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Asus O!Play Air HDP-R3 - Asus O!Play Air HDP-R3

By Edward Chester



Our Score:


On the left edge we find a combined eSATA and USB socket (all the USB ports are version 2.0), a pin-hole reset button and a further USB port. Meanwhile, the right edge adds in memory slots for CompactFlash, SD/SDHC/MMC, and MS/MS-Pro so you can play your videos or view your photos straight from your camera.

Once you've plugged in the cables you require and turned the O!Play on, there's little to differentiate it from its predecessor. The main menu is arranged in a circle, which you scroll through vertically. I've never been a fan of these rotating menus, as opposed to a grid or list, unless they're particularly well implemented, which this one isn't. The main problem is that non-selected icons lose their labels and shrink into the background making it hard to tell what feature is coming up next and so you often over shoot the option you're aiming for. It also leaves a lot to be desired on the aesthetics front. While we appreciate these devices are fairly simple and low cost, it would be nice to see a little more finesse ala Apple TV or Windows Media Center.

Each of the four multimedia sub-menus – movies, music, photos, all media – consists of a list of browsing options on the left with a preview or playback window on the right. Video, images, and all media can be browsed by folder, date, or recently played while music adds genre, album, and singer (i.e. artist) options to the mix. Sadly the indexing of mp3 tags that creates the artist and album list only works on USB devices and not memory cards or network locations.

When browsing video and images, the right panel shows a preview of the file, which is quite useful. We did, however, notice that there was a marked delay of a few seconds between selecting a file and being able to open it. We initially thought this was down to the preview mode but even when we turned this off, we still had to wait a moment for the device to have a think before it would respond to us pressing the play button. Like our other navigation complaints, it's not a deal breaker by any means but it's the sort of thing that, now these devices have been around for over a year, we'd hope to see ironed out.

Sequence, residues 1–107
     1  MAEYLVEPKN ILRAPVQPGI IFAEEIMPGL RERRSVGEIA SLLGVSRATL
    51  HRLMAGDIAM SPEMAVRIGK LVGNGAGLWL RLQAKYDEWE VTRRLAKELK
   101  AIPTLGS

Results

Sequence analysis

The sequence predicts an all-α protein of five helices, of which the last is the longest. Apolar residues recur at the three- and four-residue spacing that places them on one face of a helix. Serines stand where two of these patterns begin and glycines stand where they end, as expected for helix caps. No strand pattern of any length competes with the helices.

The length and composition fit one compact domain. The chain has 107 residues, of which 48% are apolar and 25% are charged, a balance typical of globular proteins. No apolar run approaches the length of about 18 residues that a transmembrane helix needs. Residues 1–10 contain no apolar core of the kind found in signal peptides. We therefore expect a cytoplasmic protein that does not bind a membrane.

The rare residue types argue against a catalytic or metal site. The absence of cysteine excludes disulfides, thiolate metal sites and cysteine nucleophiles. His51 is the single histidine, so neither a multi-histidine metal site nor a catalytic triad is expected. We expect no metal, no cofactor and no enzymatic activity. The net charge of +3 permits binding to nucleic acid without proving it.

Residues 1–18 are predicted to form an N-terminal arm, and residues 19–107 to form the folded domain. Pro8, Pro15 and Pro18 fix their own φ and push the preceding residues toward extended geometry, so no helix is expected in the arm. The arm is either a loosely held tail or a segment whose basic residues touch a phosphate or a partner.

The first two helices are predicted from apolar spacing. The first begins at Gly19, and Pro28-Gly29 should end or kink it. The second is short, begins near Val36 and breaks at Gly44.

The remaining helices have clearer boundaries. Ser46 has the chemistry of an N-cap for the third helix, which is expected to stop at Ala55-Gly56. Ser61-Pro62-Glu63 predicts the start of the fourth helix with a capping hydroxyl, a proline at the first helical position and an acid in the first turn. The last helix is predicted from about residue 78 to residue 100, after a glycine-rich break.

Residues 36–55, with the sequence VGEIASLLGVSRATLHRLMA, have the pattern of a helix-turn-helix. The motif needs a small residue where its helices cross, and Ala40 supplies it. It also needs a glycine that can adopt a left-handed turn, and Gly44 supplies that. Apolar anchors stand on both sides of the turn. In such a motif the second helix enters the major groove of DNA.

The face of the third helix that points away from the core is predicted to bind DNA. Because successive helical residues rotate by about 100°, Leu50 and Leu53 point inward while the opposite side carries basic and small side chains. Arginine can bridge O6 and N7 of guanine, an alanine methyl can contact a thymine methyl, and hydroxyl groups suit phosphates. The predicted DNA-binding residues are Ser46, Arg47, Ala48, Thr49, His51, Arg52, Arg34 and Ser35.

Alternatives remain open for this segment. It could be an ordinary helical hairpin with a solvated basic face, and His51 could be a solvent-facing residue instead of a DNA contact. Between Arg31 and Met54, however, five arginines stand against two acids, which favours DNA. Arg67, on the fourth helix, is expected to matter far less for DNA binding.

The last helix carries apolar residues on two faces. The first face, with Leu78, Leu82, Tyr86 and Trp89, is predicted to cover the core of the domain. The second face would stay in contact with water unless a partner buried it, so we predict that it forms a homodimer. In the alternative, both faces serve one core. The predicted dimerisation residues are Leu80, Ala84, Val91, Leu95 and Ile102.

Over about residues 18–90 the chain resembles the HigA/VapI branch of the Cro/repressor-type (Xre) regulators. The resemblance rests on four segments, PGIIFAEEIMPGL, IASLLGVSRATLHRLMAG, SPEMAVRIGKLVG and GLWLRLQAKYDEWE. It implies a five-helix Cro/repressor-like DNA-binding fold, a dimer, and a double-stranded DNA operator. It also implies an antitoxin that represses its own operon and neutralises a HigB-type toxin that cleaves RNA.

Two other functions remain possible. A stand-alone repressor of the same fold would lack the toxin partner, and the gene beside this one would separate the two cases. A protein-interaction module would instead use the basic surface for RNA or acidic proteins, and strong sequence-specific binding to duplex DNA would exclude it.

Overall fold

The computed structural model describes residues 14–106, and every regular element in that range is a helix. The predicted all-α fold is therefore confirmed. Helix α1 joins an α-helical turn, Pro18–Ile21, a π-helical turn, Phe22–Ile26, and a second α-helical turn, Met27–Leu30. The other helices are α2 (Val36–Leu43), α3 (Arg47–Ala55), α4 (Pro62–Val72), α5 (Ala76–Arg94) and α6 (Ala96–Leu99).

March 25, 2010, 1:05 pm

The price is going the wrong way on these things. I bought a Revo R3600 for £129 last week, far more usability with XBMC Live installed.


March 25, 2010, 4:51 pm

@Alan - Agree about the price, but there's always the A.C. Ryan Mini for nearly £50 less, if you can live without wireless/e-sata. The Revo R3600 sounds a good alternative to this box though, at this price.


March 25, 2010, 10:27 pm

No usb 3.0??? You gotta be kidding me! Think Ill wait for the Play On which is due out anytime WITH usb 3.0.


December 28, 2010, 3:31 am

'Overall it looks tidy, if a little bland and clearly it's not a premium device'

such as? Whilst usually containing reasonable product assessment, TR is becoming increasingly frustrating in it's lack of benchmarking and placement... It would have been nice to give an idea of the next product up a rung or two and the next one or two down... performance-wise, so you can see what you get for your money. This would make TR much more relevant as an aid for making informed choices without having to trawl the web first - or afterwards.


December 28, 2010, 7:38 pm

@damo: That quote is cleary referring directly to the build quality and design and doesn't need any further explanation given the context in which it sits - describing the plastic finish etc.

How can you benchmark such a device? It plays the files it says it can, job done. I appreciate the point about putting it in a wider context but there isn't really a linear scale with products of this type. There are numerous boxes like this that basically all do the same thing, with the differentiators being price connectivity etc, then there are alternatives like media centre PCs or the AppleTV, neither of which truly offer the same set of options.

Ultimately, I would hope it was clear from reading this that this is a device that happily plays most of your multimedia files and is easy enough to use but doesn't really set itself apart in anyway so the purchase decision really comes down to what price you can find it for.


January 16, 2011, 10:49 pm

It doesn't support audio playlists? So how does it play an album? Does it automatically play all the audio files in a given folder?

But more importantly - and I suspect the answer is yet again "no!" - does it play flac files GAPLESS?

Umar Azmat

November 16, 2013, 3:45 pm

what is the processor and ram details??

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